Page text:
It is not going to get on the news because it is not sexy enough or whatever, but it does not matter -- the speaker of the house or who is in the majority, the work we do at home is paramount.
Especially in the state of Florida where we have a Governor-Elect Ron DeSantis chipping away the hopes and dreams and desires of everybody.
And so it is important that we provide that leadership.
Honestly, in this moment that is the most important thing for me.
>> Before we let you go, the, Florida, there is only things we can talk about.
The fact is, Governor DeSantis was reelected by wider margins than he was first elected.
He seems extremely popular in the state and he seems poised clearly to run for the presidency.
It would seem he would have every incentive to go down the road he is.
I mean, is part of your job right now gumming up the works as opposed to fulfilling your own agenda?
Do you see what I mean?
Is there really anything you can do?
>> A huge part of it is using my office in the way we can to advocate and help people that are going through this.
You know, there is a huge -- it impacted folks being able to actually talk about what is going on in Florida, because there is this, uh, culture of fear right now in the state.
When I see teachers, superintendents, they are scared to speak up because they will literally get fired.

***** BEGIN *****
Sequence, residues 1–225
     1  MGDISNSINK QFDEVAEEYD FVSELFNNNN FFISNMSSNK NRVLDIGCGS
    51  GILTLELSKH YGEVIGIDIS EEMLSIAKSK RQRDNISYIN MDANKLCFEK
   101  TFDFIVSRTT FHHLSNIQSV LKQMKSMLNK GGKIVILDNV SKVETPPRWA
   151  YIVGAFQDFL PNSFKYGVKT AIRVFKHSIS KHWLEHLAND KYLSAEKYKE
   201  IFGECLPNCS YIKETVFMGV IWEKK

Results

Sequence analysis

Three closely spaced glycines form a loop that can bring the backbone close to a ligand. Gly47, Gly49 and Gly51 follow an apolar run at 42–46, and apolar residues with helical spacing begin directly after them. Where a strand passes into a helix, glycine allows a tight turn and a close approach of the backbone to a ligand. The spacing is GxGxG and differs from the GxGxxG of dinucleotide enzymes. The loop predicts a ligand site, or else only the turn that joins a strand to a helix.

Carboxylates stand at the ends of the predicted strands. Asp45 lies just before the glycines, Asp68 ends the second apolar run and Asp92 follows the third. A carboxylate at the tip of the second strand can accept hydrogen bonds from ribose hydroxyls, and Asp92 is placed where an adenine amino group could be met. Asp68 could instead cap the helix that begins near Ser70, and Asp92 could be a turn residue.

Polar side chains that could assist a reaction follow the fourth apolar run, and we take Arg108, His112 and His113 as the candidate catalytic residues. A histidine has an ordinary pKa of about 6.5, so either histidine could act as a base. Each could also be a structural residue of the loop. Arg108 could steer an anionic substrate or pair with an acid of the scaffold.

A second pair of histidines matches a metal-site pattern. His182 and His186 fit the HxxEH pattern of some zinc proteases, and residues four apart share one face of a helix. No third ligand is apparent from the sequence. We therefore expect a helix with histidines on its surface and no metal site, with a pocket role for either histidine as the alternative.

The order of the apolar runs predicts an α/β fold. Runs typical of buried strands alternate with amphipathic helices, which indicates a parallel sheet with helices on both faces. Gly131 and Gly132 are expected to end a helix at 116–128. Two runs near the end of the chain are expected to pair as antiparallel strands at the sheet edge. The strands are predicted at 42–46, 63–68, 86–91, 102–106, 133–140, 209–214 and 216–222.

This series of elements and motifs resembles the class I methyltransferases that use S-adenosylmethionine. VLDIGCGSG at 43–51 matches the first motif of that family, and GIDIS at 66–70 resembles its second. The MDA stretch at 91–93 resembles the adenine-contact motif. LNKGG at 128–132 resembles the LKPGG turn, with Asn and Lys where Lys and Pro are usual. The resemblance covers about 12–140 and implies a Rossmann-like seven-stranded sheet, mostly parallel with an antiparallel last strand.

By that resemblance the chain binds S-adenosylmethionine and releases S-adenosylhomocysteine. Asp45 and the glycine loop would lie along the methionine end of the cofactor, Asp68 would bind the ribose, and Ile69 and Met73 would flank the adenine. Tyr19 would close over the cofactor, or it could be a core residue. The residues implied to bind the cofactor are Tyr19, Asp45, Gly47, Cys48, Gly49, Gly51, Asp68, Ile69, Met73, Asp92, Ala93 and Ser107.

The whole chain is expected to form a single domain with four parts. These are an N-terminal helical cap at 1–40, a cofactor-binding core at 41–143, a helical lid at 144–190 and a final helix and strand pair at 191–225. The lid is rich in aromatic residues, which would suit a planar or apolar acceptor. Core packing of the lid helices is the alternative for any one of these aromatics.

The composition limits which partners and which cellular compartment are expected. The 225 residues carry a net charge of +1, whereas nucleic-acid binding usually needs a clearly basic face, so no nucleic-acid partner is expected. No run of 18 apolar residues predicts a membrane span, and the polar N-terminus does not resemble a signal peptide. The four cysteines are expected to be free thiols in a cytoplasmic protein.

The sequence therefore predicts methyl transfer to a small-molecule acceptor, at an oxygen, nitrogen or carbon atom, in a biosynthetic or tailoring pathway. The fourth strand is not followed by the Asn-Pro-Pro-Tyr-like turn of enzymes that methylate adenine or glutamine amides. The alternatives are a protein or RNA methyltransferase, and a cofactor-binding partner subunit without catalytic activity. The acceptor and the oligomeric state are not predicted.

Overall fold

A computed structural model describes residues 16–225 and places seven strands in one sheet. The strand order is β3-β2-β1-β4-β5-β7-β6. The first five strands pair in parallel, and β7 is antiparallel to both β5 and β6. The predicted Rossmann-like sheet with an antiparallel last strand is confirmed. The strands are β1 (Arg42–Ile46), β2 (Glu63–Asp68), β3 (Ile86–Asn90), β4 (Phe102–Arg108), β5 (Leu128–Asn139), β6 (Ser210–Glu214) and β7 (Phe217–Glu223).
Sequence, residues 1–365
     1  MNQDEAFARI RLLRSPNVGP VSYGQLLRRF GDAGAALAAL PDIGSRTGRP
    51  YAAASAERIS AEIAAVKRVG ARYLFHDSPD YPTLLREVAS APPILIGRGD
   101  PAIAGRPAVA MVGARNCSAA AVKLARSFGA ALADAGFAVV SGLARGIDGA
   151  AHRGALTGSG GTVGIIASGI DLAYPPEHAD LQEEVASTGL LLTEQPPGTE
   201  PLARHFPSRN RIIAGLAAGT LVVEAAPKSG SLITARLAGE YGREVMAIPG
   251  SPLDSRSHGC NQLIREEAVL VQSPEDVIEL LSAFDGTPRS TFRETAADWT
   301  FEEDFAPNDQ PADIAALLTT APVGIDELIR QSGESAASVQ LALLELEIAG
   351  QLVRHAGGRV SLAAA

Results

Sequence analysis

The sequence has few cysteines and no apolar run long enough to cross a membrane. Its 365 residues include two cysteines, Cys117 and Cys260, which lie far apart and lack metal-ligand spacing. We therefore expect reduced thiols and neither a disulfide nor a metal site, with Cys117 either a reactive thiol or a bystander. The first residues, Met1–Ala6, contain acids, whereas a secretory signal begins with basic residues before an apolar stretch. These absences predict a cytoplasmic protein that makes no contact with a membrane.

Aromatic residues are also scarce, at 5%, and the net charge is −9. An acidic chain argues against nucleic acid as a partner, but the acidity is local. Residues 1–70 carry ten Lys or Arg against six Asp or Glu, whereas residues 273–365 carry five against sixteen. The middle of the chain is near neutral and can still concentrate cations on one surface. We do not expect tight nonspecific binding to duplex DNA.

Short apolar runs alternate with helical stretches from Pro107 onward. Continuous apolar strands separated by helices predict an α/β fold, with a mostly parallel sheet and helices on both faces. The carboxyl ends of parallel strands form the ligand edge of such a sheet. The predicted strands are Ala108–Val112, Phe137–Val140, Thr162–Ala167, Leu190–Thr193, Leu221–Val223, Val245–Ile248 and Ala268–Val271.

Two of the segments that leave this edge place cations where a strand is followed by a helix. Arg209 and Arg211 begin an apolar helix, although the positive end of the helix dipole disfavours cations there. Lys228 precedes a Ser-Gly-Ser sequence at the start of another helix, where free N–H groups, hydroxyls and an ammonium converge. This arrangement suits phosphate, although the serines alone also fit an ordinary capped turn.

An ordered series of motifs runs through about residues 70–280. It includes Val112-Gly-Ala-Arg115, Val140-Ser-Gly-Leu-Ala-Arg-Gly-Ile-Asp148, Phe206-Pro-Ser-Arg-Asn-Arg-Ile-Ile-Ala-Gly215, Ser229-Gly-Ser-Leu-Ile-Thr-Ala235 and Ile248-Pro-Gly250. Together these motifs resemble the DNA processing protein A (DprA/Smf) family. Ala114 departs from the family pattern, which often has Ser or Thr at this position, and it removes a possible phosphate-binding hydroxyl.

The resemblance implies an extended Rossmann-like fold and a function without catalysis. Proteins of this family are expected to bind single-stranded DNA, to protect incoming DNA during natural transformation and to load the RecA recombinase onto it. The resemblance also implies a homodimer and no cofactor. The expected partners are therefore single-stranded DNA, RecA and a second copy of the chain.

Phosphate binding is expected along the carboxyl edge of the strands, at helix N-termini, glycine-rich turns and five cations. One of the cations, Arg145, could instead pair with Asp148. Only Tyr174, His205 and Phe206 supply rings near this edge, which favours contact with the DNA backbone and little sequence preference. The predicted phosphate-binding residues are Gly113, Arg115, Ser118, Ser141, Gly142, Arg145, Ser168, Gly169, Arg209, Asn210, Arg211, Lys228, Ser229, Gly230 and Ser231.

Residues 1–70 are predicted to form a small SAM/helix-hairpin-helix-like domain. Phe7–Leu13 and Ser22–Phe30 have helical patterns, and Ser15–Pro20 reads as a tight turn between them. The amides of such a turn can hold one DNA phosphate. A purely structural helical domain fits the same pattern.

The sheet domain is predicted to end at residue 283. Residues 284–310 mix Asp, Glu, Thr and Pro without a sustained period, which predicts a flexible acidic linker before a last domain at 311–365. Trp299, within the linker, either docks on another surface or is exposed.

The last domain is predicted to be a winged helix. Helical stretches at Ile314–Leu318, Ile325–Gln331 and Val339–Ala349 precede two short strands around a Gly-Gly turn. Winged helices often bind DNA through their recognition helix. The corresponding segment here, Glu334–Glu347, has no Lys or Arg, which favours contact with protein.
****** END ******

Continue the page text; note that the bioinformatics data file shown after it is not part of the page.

For instance, we had a high school that they have had this event for a long time, years and years, called Dragon donuts and there is a drag queen in central Florida that comes in.
It is not a show, not that there is anything wrong with that, but it is a conversation with the drag queen about the work they do in the community as far as feeding people and Small Business and etc.
So, the state essentially told the school board and told the district they need to shut this down or else they will fire anyone associated with it, teachers, administrators, et cetera.
We have this fascist Florida government that is using, abusing its powers to scare people into submission to doing what they want.
So, that includes, it is difficult for legislators to speak out.
We saw what happened to the state attorney in Hillsborough County where, because he was vocal, he was suspended from office by Ron DeSantis.
Which was unconstitutional.
There's a group a people he cannot touch and it is members of Congress and it's students.
So, that is why we are seeing a lot of students step up and be the voice for what is going on.
And President Biden and the administration needs to do a lot more, the DOJ needs to do a lot more and we need the Attorney General involved and we need the department of education to launch an investigation on what is going on in terms of don't say gay.
We need leadership from that point.
My two things are number one, ensuring people know about it, being vocal, being vocal in the communities, hosting events and rallies so people understand what going on and then also, pushing the levers of power that we do have.
Because you are right, I hold no executive powers.
I don't have any departments that are wrong.
All I have is my influence and my ability to bring the subject to bear at the national level, and so we will do that in big ways.
>> Congressman Maxwell Frost, thank you so much for talking with us today.
>> Thank you so much for having me.